Role models of greatness.

Here you will discover the back stories of kings, titans of industry, stellar athletes, giants of the entertainment field, scientists, politicians, artists and heroes – all of them gay or bisexual men. If their lives can serve as role models to young men who have been bullied or taught to think less of themselves for their sexual orientation, all the better. The sexual orientation of those featured here did not stand in the way of their achievements.

Thursday, April 18, 2013

Javier Pagan

Gay Boston Policeman Javier Pagan
Among Boston Bombing’s First Responders

The cover of this week’s Sports Illustrated magazine shows three Boston policeman assisting a fallen Boston Marathon runner who was knocked off his feet during Monday afternoon’s bomb blast, although he recovered enough to complete the race.

The policeman at the far right of the photograph is Javier Pagan, the Boston Police Gay Liaison to the city’s LGBT community. Officer Pagan, who was patrolling the finish line, happened to be standing right behind the flags where the first bomb went off. Boston Globe photographer John Tlumacki stated that, “my photograph was taken about one second after the first explosion. The runner was blown over by the blast and fell to the ground. The cops were just reacting as cops. They didn't know what was going on. They're pulling their guns out, looking left and right. They were close to where the explosion went off and could have been killed or injured also.”

It seems heroism runs in the family. Officer Pagan’s husband of four years, Pedro Velazquez, is a retired sergeant from the NYC Police Department who rescued many people when the Twin Towers collapsed on September 11, 2011. The couple live in West Roxbury, Massachusetts. Javier Pagan, age 42, is a native of Puerto Rico who grew up in Boston. He came out as homosexual a year after joining the police force, and in 2002 he was profiled by the Bay Windows LGBT newspaper when he was named to the Gay Liaison position.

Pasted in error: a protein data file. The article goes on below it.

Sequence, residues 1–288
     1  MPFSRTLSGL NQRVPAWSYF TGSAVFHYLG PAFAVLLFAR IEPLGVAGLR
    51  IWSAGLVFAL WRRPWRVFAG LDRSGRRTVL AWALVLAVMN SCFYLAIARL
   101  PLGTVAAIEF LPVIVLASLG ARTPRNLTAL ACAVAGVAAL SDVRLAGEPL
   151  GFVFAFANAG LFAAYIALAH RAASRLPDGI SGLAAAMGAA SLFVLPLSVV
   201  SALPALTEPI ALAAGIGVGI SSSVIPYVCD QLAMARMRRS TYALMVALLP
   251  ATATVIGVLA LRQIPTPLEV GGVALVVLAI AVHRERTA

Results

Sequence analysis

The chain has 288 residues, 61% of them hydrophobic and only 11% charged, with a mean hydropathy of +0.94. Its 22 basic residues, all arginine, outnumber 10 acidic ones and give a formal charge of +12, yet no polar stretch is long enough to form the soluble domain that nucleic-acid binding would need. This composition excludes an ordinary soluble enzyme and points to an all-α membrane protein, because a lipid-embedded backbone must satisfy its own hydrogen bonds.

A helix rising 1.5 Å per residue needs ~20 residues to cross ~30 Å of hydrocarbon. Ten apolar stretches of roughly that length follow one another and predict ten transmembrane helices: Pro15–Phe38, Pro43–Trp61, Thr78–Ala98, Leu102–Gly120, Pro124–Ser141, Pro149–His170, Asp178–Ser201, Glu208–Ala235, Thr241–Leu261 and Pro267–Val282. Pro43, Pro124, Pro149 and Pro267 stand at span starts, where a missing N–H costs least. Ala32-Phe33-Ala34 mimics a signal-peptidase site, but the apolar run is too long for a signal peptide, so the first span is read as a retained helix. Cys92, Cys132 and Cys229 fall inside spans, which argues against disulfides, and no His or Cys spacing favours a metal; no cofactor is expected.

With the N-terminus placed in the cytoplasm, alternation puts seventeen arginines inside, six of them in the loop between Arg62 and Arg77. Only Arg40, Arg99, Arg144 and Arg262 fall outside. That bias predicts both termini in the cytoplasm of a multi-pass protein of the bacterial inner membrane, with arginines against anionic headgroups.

Pagan (at left in photo with husband Pedro) is a member of the Gay Officer's Action League (GOAL), a national organization of gay law enforcement officers. He says he personally hasn't experienced any repercussions for being out on the job, nor is he aware of homophobia on the part of police officers when dealing with the gay community. “People's main concern is..., ‘I don't care whether you're black or white, gay or straight, when I need help, I just want someone there’. I think when people see me walking through they don't see me as a Hispanic gay man, I think they see me as a police officer. And that's all that should matter.”

Javier Pagan also had the recent honor of escorting LGBT civil rights attorney Mary Bonauto to a celebration at Boston's City Hall plaza on the day same-sex marriages became legal in Massachusetts.

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